# Fitting a piece of furniture through a corridor

In a few days I'm facing the task of trying to move a piece of furniture into my apartment and the situation inspired me mathematically. Above is a sketch of the situation. We are trying to slide a small box of dimensions $h'$ and $w'$ through a corridor of dimensions $h$ and $w$ with entrance and an exit of widths of $a$ and $b$. No assumptions about any variables can be made except that $a$ > $h'$ and $b$ > $h'$, even if the picture suggests some relative dimensions. The box or any other dimension cannot obviously be stretched. The box can be turned freely.

I'm looking for the simplest way to calculate if it is possible to fit the box through the corridor, and how. I have come up with some tedious ways of trigonometry but somehow a simple and elegant solution eludes me. Help will be greatly appreciated!

EDIT: As pointed out in a comment, the box can be turned freely unlike my original question implied.

EDIT2: If it simplifies things, the length $h$ can be for my specific problem be assumed be bigger than $w'$ and $h'$, although it would be interesting to know a fully general case.

• If the box cannot be turned, it will fit iff $w'\le w$. Maybe you meant something else? – Taneli Huuskonen Jan 3 '18 at 19:02
• @TaneliHuuskonen Oops! That was a mistake indeed, of course the box can be turned! Thank you, I made corrections to the question. – S. Rotos Jan 3 '18 at 19:04
• This reminds me of the Moving sofa problem, which I first read about in an Ian Stewart column. – Matthew Leingang Jan 3 '18 at 19:25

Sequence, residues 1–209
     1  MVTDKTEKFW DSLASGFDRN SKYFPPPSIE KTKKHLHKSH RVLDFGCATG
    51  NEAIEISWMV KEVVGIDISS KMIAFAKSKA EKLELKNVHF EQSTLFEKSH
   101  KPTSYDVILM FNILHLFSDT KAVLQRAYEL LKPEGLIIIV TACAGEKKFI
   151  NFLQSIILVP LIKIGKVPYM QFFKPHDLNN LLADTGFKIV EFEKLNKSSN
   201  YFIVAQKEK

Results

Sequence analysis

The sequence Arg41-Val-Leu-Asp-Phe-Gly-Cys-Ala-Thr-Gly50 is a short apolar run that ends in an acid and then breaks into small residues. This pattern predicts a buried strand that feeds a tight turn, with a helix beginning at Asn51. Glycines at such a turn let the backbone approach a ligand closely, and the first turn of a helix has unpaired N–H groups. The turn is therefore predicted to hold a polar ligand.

• @MatthewLeingang Quite true. And still people say math doesn't have real-life applications :) – S. Rotos Jan 3 '18 at 19:43
• It would be interesting to draw the permitted region of the configuration space $(x,y,\theta)$ as a shape in 3D. A solution exists if there is a path from $(0,a/2,0)$ to $(w,h-b/2,0)$ inside the region. – Rahul Jan 3 '18 at 21:48

(The following is a partial answer at best, but too long for a comment.)

Suppose $\,a \le b\,$, otherwise flip the corridor around. If the box gets fully in through door $\,a\,$, then it will be able to get out through $\,b\,$ by symmetry, so it's enough to consider the move through $\,a\,$.

First step is to slide the box in at the maximum possible angle $\alpha$. If it can not get in the position depicted below without hitting the opposite walls first, then the move is impossible.

The angle $\alpha$ is determined by:

• $\,a \cos \alpha = h'\,$

Then the conditions for the inside corners of the box to fit are:

• $w' \cos \alpha \le w$

• $w' \sin \alpha + h' \cos \alpha \le h$

(As a side comment, the first condition is equivalent to $\,h' \cdot w' \le a \cdot w\,$ i.e. the area of the box no larger than the area from the door to the opposite wall.)

These are necessary conditions, and no solution is possible if they don't hold. They are not sufficient conditions in general, though.

The next step would be to rotate the box towards vertical position by sliding the bottom corner to the right while keeping the top side in contact with the door edge. Such rotation, however, requires additional room at the top, and possibly to the right as well. Exactly how much room reduces in the end to finding the extrema of some trig functions, to which I did not find "nice" closed solutions.

Still, there are a couple of cases where the above conditions are sufficient as well (both of which assume that the length of the corridor is larger than the diagonal of the box $\,h \ge \sqrt{w'^2+h'^2}\,$).

• If there is no perpendicular wall right next to $\,a\,$ i.e. if the bottom horizontal line in the drawing is missing, then the rotation can always be completed by sliding the bottom corner down and to the right, such that the box stays in contact with both edges of the door. In this case, the rightmost corner of the box never moves any closer to the right wall than it was before, so the previous condition is sufficient.